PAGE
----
PART V Combat: Enforcing the Peace
Combat: Enforcing the Peace
Originally published as PART V Combat: Enforcing the Peace in Air Power in UN Operations: Wings fror Peace (A. Walter Dorn, Ed.), Ashgate Publishing, Fanham, UK 2014, pp. 213-214. (pdf version)
The United Nations is often criticized for not using enough force to enforce international law and maintain the peace. There are certainly examples of the UN’s lack of robust and forceful responses to aggression and genocide, especially in the difficult period 1993–94 in Bosnia and Rwanda. But there are also cases where the United Nations and allied forces may have used excessive force, for example in Somalia in 1993. That important case is examined in intriguing detail by in Chapter 12 William T. Dean III, who introduces the reader to many US Air Force terms and concepts while providing insights into the missions and the famous “Black Hawk Down” incident, named after the US helicopters that were shot down by Somali militiamen. The US operation resulted in the deaths of 18 American soldiers and US withdrawal from the joint US/UN mission, which in turn led to the end of the UN mission and the continued suffering of the Somali people. By contrast, the response to the conflict in Bosnia, though weak at first, eventually proved successful. In Operation Deliberate Force, described in detail by Robert C. Owen in Chapter 13, the North Atlantic Treaty Organization (NATO) flew over 3,500 sorties (flights) against over 300 individual targets. This helped bring the Serbian side to the negotiating table and the Serbs’ quick agreement to the 1995 Dayton Peace Accords, which finally brought longed-for stability to Bosnia. Although NATO worked closely with the United Nations in 1995, Operation Deliberate Force was a NATO-run enforcement operation using substantial air power.
It was the United Nations itself that applied armed force and combat in the eastern Congo in 2006 and 2008. After repeated warnings, the world organization was able to “engage” rebel forces with its Mi-35 helicopters, armed with Gatling guns and rocket launchers, without losing any UN personnel. Though fired upon, the armour of the aircraft was able to withstand penetration and so prevent crashes. Overall, as described by A. Walter Dorn in Chapter 14, the UN mission’s use of robust aerial force against rebel groups seems to meet the just war criteria, including just cause, last resort, proportional means and right conduct. Airborne force was needed not only for self-protection but also to protect the mission mandate, the civilian population, and the tenuous peace. After the rebels accepted negotiations, the tentative peace deal allowed the fighters to reintegrate into the Congolese government forces, providing a welcome respite from fighting. Libya 2011 was another success, if not triumph, for UN-authorized force, in this case conducted mostly by highly capable and well-equipped NATO air forces, of greater capacity than any UN peacekeeping operation had ever incorporated. While it is often stated that air power cannot achieve sustainable territorial results without ground troops, the rag-tag Free Libyan Army made effective use of NATO strikes to seize (“liberate”) territory and eventually bring an end to the Gadhafi regime. Air power over Libya is examined by the Swiss expert on air power doctrine, Christian F. Anrig, who in Chapter 15 covers the NFZ as well as combat operations.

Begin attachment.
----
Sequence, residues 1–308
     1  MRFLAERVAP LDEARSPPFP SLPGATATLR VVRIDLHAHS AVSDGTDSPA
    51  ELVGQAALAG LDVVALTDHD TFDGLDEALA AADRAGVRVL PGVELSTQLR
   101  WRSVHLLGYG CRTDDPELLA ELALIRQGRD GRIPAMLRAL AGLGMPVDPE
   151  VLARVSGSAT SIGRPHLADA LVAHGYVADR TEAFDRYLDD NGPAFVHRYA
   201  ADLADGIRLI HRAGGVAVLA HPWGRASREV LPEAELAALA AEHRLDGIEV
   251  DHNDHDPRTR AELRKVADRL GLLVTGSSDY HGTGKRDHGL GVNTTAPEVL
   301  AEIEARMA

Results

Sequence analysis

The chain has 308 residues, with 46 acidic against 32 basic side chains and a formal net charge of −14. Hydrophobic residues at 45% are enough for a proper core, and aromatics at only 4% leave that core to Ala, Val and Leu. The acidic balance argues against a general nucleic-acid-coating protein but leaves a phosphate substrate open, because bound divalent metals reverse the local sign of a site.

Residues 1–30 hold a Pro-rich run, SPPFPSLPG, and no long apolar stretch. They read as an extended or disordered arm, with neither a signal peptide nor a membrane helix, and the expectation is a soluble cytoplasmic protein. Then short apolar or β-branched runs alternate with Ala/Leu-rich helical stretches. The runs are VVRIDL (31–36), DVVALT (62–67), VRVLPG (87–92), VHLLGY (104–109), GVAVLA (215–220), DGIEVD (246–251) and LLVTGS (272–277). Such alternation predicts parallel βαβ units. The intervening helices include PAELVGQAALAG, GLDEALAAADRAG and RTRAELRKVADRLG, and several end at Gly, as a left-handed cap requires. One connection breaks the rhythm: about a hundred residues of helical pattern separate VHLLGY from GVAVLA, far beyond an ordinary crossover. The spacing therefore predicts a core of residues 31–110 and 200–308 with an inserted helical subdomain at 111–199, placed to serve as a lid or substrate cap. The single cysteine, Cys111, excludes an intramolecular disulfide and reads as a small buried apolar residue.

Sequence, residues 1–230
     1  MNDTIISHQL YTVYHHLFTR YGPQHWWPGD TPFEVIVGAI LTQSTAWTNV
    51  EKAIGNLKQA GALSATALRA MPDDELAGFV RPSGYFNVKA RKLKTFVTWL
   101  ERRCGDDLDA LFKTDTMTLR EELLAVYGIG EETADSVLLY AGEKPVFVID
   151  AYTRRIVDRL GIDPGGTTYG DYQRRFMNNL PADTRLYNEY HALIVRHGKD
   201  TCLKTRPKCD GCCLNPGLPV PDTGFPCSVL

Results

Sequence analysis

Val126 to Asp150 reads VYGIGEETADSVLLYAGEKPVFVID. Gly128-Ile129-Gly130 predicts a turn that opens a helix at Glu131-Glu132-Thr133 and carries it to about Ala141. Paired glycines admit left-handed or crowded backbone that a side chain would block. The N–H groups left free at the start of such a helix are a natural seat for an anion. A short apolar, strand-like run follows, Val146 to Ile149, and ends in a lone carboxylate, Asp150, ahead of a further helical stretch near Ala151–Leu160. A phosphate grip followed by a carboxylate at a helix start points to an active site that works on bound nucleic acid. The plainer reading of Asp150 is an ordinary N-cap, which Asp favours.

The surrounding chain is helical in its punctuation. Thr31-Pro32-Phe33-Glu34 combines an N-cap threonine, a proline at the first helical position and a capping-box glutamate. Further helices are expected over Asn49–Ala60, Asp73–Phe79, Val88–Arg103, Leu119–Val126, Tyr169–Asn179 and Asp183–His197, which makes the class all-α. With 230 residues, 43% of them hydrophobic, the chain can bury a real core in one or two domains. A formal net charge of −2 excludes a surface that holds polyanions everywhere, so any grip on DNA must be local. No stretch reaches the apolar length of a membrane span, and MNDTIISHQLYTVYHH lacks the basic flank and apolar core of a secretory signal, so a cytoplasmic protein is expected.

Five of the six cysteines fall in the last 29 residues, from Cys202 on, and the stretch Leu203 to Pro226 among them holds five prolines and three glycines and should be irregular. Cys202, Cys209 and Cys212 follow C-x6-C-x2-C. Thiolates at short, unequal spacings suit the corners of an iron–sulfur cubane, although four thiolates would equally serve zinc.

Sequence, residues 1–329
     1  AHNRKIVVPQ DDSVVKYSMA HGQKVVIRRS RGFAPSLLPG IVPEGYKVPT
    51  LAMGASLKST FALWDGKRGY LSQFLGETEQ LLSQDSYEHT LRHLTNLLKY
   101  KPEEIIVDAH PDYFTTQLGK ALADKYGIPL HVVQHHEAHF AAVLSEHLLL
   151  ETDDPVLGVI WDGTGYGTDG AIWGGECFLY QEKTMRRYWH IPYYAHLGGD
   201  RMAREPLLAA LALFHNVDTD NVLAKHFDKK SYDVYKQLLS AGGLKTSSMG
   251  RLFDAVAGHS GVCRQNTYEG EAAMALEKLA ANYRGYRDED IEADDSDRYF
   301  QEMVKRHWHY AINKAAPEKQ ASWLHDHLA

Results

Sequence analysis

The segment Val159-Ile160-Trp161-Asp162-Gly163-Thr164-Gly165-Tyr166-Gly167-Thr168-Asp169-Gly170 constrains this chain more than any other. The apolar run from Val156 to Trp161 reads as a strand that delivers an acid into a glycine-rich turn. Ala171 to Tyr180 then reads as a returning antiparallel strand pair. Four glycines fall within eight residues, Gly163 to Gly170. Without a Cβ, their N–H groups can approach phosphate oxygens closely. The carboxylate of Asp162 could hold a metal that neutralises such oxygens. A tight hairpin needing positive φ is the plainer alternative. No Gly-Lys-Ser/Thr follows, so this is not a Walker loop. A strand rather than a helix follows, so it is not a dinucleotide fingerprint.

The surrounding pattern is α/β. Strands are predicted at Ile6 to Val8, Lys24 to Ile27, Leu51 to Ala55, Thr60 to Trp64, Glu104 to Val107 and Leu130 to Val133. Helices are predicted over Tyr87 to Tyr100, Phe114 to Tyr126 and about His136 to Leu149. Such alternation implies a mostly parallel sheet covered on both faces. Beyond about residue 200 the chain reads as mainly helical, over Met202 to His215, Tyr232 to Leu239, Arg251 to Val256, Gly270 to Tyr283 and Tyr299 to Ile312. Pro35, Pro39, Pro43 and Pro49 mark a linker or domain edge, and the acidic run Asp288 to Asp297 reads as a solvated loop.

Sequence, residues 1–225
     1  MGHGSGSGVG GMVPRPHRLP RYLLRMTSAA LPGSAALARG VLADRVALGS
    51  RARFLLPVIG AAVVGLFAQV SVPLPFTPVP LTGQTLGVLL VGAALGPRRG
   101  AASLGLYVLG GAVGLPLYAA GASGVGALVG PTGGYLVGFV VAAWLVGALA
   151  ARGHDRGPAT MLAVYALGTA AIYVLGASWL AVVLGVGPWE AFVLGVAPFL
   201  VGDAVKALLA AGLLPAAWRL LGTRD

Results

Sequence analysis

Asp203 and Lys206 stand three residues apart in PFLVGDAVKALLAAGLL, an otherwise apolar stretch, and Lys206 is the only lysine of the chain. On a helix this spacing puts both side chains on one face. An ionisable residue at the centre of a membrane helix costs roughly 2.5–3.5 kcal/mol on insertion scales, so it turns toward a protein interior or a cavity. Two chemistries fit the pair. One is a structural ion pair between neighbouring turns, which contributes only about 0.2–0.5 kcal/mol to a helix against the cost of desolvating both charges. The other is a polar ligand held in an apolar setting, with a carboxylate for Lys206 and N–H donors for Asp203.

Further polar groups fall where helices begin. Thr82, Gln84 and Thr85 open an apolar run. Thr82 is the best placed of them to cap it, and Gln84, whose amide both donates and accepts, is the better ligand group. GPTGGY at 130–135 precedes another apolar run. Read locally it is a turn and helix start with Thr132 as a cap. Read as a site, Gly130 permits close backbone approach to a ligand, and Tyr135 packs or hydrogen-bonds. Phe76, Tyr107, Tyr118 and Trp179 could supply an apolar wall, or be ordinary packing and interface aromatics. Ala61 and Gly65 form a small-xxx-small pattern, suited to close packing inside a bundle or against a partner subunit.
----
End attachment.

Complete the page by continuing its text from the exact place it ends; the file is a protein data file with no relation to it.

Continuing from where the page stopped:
Part V of this volume shows how sometimes force is needed to control force. Air combat power, judiciously used, can help the United Nations maintain international peace and security; but the proper application of force needs thorough intellectual exploration.